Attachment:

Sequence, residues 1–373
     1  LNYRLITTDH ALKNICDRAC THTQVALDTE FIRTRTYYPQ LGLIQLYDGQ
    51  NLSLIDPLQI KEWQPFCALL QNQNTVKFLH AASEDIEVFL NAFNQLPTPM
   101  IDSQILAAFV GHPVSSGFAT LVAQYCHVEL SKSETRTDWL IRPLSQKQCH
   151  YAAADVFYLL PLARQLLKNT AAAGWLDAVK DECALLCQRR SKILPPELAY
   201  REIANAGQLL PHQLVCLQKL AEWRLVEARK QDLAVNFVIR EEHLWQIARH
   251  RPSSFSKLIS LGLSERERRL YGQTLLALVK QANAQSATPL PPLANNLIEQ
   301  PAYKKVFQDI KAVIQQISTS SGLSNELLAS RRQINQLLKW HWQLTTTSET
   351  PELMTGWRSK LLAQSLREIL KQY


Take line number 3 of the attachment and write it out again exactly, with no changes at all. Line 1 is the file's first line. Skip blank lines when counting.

    51  NLSLIDPLQI KEWQPFCALL QNQNTVKFLH AASEDIEVFL NAFNQLPTPM